Best Buy's Self-Destructive Online Price-Match Program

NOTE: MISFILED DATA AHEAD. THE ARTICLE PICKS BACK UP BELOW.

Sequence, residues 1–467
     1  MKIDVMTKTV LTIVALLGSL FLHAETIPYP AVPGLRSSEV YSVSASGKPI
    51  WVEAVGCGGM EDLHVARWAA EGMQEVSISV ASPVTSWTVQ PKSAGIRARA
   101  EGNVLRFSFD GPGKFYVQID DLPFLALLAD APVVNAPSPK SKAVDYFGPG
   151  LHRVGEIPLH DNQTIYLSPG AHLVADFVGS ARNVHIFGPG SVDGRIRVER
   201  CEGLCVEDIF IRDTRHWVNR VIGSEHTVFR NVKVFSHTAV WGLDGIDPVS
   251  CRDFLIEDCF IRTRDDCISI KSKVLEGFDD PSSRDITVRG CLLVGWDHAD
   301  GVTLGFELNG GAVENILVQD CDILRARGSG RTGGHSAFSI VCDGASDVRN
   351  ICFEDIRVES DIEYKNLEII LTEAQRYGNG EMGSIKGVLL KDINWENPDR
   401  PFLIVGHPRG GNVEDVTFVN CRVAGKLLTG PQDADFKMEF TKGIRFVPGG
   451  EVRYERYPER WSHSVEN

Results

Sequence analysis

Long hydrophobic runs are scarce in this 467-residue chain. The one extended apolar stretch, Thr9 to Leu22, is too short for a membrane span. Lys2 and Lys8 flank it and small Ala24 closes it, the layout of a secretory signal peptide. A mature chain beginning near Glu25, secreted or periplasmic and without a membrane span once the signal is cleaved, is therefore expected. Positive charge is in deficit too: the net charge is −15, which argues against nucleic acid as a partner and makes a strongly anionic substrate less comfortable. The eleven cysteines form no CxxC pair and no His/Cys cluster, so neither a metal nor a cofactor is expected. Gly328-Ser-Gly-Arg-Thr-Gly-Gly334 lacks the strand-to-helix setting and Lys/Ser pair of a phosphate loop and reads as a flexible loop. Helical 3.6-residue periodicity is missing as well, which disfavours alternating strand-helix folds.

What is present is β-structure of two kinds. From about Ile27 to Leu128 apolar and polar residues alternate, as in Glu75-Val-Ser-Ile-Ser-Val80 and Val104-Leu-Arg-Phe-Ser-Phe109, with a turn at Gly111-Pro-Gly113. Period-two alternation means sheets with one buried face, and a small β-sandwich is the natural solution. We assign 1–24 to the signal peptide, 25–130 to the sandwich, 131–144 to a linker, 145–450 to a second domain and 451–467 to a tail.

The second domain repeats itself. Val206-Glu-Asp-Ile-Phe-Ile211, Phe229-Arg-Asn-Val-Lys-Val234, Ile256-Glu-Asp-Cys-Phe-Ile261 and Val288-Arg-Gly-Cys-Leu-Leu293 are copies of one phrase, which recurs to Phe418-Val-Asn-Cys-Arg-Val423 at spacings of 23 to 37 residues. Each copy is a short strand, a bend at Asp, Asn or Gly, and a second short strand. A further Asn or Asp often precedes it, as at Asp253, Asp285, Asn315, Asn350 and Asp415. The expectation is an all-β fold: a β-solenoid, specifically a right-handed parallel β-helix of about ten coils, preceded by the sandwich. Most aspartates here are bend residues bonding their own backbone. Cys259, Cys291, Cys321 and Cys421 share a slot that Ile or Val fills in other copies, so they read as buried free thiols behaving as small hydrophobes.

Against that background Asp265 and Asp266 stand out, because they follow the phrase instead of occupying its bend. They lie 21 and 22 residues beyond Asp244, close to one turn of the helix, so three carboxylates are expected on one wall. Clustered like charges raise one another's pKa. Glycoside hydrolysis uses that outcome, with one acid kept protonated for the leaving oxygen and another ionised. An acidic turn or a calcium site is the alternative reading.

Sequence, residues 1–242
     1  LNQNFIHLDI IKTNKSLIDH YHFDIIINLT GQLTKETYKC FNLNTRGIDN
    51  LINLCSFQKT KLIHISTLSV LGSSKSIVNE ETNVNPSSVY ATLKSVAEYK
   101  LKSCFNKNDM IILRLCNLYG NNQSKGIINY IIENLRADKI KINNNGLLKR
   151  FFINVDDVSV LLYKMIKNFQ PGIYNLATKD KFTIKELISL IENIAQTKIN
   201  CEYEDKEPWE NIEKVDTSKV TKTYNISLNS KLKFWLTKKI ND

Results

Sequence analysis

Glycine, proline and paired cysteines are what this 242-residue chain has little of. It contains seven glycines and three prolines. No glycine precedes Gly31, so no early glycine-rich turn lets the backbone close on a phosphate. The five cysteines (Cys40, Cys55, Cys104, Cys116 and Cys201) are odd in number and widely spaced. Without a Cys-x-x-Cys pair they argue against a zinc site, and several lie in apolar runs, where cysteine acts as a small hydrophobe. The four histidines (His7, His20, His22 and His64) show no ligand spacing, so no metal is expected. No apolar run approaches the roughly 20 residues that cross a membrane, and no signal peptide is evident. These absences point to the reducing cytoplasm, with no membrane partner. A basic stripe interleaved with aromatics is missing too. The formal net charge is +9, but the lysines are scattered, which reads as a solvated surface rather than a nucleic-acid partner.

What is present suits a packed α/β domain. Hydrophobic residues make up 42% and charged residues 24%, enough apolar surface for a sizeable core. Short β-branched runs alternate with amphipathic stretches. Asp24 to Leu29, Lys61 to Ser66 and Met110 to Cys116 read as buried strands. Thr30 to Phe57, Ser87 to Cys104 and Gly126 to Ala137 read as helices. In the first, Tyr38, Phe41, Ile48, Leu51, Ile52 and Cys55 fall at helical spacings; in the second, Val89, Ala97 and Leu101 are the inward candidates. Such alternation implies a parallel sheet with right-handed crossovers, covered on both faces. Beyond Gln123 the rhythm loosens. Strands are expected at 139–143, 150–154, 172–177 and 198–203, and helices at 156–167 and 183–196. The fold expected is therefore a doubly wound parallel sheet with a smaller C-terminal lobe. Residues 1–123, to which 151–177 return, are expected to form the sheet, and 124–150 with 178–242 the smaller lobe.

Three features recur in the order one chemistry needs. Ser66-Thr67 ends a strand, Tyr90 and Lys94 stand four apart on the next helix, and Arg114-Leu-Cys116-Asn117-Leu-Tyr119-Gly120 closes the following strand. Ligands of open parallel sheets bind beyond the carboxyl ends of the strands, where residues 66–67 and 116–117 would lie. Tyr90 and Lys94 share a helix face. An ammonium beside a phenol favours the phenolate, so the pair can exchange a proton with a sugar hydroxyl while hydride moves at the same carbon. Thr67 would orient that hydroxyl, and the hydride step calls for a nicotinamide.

Target and Best Buy this week made some major—and long overdue—price-match changes and finally agreed to match some online prices. But Best Buy seems to have forgotten why price matches can attract shoppers. One element of its plan, for example, says that store associates will have discretion to match or to not match online prices. Yeah, that's the type of motivational shopper message Best Buy wants to send out: "Come on over to Best Buy for the holidays. And if our sales reps feel like matching your price, they will. Trust us." The motivational value of price matching is rooted in its certainty. You can have as many published limits as you'd like (and, yes, both chains have certainly done their lawyers proud with impressive limits of every type). But the point is that a customer who brings in a rival's price that meets those limits will absolutely get that price. To have a price-match program be based on the whims and discretion of the sales associate is hardly effective. Do it or don't do it, but make it firm either way. Best Buy spokesperson Amy von Walter said associates will match online prices, but not all the time. "All things being equal, if the price is the obstacle to the customer making the purchase," von Walter said, it will likely be matched "when it makes sense," adding that the decision will not be made by store management but by "discretion at the associate level." It seems highly unlikely that store managers would not have a huge say in these decisions, setting limits for how far associates can go. So although it might technically be true that associates might officially make the call (and that, in and of itself, may not pass the raised eyebrow test), it would certainly be because of guidelines set by the store. Would a store manager really want better deals offered to shoppers depending on which associate they worked with? One interesting possibility is that Best Buy is being clever with its "associate discretion" effort. If the chain publicizes the program saying that price match is at the associate's discretion and then confidentially tells all the associates to OK every online price match, the price-match customers feel like they got something other people maybe didn't. (OK, not bloody likely. We shouldn't ever let optimism replace our instinct for cynicism.) Another shopper perception is the exclusion of Amazon third-party sellers. As a practical matter, those third-party sellers do offer much lower prices (sometimes), and they do not offer all of the services and protections of buying directly from Amazon. Hence, excluding them from a price-match program is reasonable. But the way Amazon handles those third-parties makes them often look extremely similar to direct Amazon offers. If a shopper goes to and searches for a microwave oven, finds one she likes and orders it, that shopper may not even realize it's from a third-party. That means the customer may walk into Best Buy thinking it will be price matched and will then be disappointed. There's no easy fix for this, other than customer education, which makes no sense here. (You really want Best Buy to teach its customers about how to shop at Amazon? That's taking good retail corporate citizenship a bit far.)Best Buy is only offering these online price matches for "new, identical, immediately available current pre-tax appliance and electronics hardware products prices." That's quite a mouthful of limits, but it's then restricted further to 20 sites:,,,,,,,,,,,,,,,,,, and It gets better. When buying electronics hardware, what's the best thing to exclude to really sour any potential customers? Yep: All accessories are excluded. And the online price matches are halted from November 18 through November 26, a Scrooge-like move that even Target didn't feel the need to do. (Target's online price matching will run non-stop from November 1 through December 24.) Despite the Scrooge quip, this Best Buy move isn't one to be criticized for cheapness. It's to be criticized for being one that will hurt Best Buy sales—or at least undermine its efforts to boost sales. Black Friday is November 23 this year and Cyber Monday is November 26. Those are the days when e-tailers will do some serious damage to physical stores. If you've made the wise and long overdue decision to match online prices, why give online retailers free reign during those critical days? Heck, that's when your price matches should be the most aggressive, to give shoppers a reason to come in and fight the crowds. (In New Jersey malls, "fight the crowds" is taken seriously. Some armed assailants have commented afterward, "You mean I could have bought stuff, too? Who knew?") On the plus side, is offering free shipping on all products during the holiday season. Target's online price-match program gets deserved kudos for its almost complete holiday duration (November 1—December 24). It has published the names of only four "qualifying online retailers"—,, and—but there might be quite a few more. Why don't we know? That's one of the Target problems. The retailer announced its online price program on Wednesday (Oct. 17), but its CEO had told a news conference about it a few days earlier. Any shoppers who went to to read the details would have been confused, because the site was still excluding all online prices from being matched. The reason is that Target said it wouldn't publish the details of the program until October 22. This seems odd. It's not as though Target is not publishing the details until the program goes live on November 1. And if the company felt the need to announce on October 17, why not release the full details then? We wonder if the full details are unpleasant and, this way, the good stories come out and no one thinks to do a follow-up when the Target specs materialize. (Fear not. We won't forget.)